by Nancy E. McCarthy
In 2022, at age 62, Monti Emery made the nail-biting decision to start an artistic career. For decades, as Emery adeptly climbed the corporate ladder, he found ways to weave his illustration skills into his work. But he yearned to create art full-time and had been seriously thinking about it for a couple of years.
“There was an awakening in me that brought with it a clear sense of purpose, a fresh sense of confidence and a new understanding of what type of value my art could provide,” Emery explained.
Before making the leap from the corporate world to the world of art, Emery started a small side business producing high-quality greeting cards. The cards featured his hand-drawn black and white illustrations depicting Finger Lakes Region scenes. Several retail outlets, including Watkins Glen Promotions, Cheshire Union and Bully Hill Vineyards’ gift shop in Hammondsport, began selling the cards. “The response to my illustrations was way more positive than I thought possible,” he said.
“When I first saw his work, I was impressed. I’m a huge fan of black and white illustrations,” said Will King, director and curator of Bully Hill’s on-site museum and gallery.
Emery chose a pseudonym for his art that captured the spirit of his new artistic journey: Bodhi Mountain. In Buddhism, “Bodhi” means awakening or enlightenment. “After years of daydreaming about following my passion, I awakened to the very sincere possibility it could be made real,” he said.
Additionally, “Monti” is Italian for mountain, which dovetailed perfectly with Emery’s love of mountainous landscapes. Together, “Bodhi” and “Mountain” carried deep meaning for him.
It’s how he signs his artwork.
Emery was 2 years old when his family moved to Elmira. Growing up, Emery and his two siblings enjoyed outdoors activities with their parents such as skiing, boating and fishing. Feeling a deep affinity for the region, Emery and his wife Theresa live in nearby Big Flats and are raising their family there.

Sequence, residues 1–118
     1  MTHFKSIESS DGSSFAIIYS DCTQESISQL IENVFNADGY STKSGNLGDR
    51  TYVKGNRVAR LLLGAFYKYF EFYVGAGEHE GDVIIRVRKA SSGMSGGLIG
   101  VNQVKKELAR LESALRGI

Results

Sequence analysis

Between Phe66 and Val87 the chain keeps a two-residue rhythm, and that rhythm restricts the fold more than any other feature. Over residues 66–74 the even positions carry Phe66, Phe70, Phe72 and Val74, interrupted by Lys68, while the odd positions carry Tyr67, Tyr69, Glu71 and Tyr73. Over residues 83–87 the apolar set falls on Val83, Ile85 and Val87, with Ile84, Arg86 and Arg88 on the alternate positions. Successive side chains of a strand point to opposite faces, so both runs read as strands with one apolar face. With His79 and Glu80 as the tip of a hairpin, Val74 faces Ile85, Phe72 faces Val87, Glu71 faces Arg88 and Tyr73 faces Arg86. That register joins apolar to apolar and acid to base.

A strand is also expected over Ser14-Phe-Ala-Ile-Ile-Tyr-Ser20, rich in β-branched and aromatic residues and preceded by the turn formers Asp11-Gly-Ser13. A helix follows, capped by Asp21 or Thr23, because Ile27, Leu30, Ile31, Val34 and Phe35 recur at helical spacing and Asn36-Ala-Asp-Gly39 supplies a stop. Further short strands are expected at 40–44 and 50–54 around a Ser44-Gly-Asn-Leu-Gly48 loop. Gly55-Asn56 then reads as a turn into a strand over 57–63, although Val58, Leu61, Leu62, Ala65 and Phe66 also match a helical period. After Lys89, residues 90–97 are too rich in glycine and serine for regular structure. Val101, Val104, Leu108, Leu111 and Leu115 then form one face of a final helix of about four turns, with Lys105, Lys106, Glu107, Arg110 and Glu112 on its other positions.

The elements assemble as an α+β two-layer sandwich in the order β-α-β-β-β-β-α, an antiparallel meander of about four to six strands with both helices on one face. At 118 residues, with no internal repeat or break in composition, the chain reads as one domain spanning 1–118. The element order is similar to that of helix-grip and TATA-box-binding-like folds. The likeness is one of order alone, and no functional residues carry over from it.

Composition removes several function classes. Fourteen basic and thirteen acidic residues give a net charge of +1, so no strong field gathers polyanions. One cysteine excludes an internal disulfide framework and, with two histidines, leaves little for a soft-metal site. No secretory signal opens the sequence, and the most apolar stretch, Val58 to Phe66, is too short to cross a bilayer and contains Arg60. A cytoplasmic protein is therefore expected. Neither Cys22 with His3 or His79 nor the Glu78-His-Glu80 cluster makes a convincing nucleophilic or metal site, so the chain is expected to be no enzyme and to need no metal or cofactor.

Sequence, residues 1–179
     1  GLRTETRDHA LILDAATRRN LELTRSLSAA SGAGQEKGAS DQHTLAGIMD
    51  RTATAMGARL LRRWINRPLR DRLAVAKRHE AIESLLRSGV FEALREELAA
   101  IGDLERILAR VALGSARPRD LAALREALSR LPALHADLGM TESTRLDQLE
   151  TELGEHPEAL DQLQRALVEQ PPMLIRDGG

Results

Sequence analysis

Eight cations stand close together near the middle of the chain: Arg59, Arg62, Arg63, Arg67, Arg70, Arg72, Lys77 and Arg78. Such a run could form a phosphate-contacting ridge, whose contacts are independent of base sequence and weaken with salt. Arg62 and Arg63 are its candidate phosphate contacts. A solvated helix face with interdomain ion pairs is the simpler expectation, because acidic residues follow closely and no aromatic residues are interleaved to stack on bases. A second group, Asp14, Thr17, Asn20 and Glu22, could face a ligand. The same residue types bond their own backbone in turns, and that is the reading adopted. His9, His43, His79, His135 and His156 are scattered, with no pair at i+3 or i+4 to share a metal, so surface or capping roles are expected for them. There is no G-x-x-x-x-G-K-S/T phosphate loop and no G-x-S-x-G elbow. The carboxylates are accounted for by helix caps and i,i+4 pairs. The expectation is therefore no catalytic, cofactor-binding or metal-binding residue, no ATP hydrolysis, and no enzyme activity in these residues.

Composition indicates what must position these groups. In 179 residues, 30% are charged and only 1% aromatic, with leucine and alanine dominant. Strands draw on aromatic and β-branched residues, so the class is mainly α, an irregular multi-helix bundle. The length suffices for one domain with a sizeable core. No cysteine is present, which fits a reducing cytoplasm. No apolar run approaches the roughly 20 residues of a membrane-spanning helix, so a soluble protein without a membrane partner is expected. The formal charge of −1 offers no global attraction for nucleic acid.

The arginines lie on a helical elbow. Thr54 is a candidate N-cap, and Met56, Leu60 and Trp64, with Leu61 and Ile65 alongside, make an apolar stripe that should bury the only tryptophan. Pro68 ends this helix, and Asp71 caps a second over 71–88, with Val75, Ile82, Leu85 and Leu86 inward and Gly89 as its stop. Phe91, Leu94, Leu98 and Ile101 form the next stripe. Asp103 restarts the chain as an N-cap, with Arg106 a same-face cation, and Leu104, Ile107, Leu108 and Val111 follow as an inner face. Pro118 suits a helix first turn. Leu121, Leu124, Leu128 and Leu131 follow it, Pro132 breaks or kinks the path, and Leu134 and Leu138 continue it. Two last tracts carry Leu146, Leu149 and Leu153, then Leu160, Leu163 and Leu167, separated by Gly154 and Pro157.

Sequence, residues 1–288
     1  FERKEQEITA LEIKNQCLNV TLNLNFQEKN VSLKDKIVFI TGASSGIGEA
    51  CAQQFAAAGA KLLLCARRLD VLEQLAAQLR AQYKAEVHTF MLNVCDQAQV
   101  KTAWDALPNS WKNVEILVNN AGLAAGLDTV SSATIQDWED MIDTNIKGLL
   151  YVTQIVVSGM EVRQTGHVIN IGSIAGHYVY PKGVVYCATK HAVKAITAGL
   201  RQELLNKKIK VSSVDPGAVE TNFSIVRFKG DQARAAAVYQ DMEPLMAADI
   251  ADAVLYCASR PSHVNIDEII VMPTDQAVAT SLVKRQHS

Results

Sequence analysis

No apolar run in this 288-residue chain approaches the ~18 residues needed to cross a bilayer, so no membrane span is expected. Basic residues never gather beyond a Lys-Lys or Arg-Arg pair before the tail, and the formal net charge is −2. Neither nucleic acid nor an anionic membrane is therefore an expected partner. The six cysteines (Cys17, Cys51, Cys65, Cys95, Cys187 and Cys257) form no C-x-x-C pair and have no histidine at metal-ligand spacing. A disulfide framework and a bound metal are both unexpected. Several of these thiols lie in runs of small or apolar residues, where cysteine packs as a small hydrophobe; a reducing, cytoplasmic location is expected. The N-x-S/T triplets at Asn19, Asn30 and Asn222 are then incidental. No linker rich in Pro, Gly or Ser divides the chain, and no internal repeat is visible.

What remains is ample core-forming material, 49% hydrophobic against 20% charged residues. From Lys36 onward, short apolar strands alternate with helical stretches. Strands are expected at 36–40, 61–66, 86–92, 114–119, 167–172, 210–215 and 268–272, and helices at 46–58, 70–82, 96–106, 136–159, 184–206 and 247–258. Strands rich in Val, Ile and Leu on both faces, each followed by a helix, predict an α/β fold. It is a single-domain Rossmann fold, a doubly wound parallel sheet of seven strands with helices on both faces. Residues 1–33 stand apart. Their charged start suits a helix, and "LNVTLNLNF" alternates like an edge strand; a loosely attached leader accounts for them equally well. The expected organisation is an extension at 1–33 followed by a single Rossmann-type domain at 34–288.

Emery was always drawing or painting as a child. Inspired by his father who enjoyed painting oil landscapes, Emery first painted with oil, then acrylics, before discovering pen and ink illustration. It became his preferred medium. In the eighth grade, he won his school’s annual art award for one of his landscape illustrations. Early on, his career goal was to be a professional artist.
After high school, Emery enrolled in the Buffalo State University’s fine arts program. During the first year, intimidated by his exceptionally talented peers, Emery lost confidence in his abilities. At the end of the year, he left the program. His career path would instead encompass industrial design, engineering and operations. He eventually achieved a BS in industrial design in 1994.
“I felt the degree was the perfect blend of engineering and design: combining the study and application of both form and function for commercial and industrial products,” he said. Emery excelled in this field and earned several U.S. patents for equipment and machine inventions.
Throughout his professional career, Emery honed his technical illustration skills by merging illustration into his day-to-day work such as including illustrations in power point presentations and creating engineering and product sketches.
With management as the next logical step in his career, he pursued an MBA and in 2011 took an operations position with World Kitchen in Corning. When he left to pursue art full-time, he was its plant engineering manager and leading a team of 200 employees. “My stress level was at an all-time high,” said Emery. “I began to wonder how I had gotten so far away from that young man who just wanted to be an artist.”
Singing Creek Cards
Emery named his business Singing Creek Cards as a tribute to Sing Sing Creek, a nearby trout stream. “My wife and all five children have been extremely supportive. Every day I am grateful for my family,” he said. Emery and Theresa have three children and he has two children from a previous marriage.